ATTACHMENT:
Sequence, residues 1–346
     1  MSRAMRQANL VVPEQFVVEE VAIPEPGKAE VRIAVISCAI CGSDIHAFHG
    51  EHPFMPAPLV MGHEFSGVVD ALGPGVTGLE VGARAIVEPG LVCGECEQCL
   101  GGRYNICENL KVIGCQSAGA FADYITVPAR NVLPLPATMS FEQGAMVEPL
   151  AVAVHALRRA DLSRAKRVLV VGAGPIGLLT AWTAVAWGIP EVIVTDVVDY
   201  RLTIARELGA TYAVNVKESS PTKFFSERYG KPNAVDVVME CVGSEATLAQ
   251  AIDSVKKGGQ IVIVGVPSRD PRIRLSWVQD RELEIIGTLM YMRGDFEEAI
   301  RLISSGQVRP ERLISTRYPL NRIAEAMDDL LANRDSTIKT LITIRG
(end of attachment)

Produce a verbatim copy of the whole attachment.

Sequence, residues 1–346
     1  MSRAMRQANL VVPEQFVVEE VAIPEPGKAE VRIAVISCAI CGSDIHAFHG
    51  EHPFMPAPLV MGHEFSGVVD ALGPGVTGLE VGARAIVEPG LVCGECEQCL
   101  GGRYNICENL KVIGCQSAGA FADYITVPAR NVLPLPATMS FEQGAMVEPL
   151  AVAVHALRRA DLSRAKRVLV VGAGPIGLLT AWTAVAWGIP EVIVTDVVDY
   201  RLTIARELGA TYAVNVKESS PTKFFSERYG KPNAVDVVME CVGSEATLAQ
   251  AIDSVKKGGQ IVIVGVPSRD PRIRLSWVQD RELEIIGTLM YMRGDFEEAI
   301  RLISSGQVRP ERLISTRYPL NRIAEAMDDL LANRDSTIKT LITIRG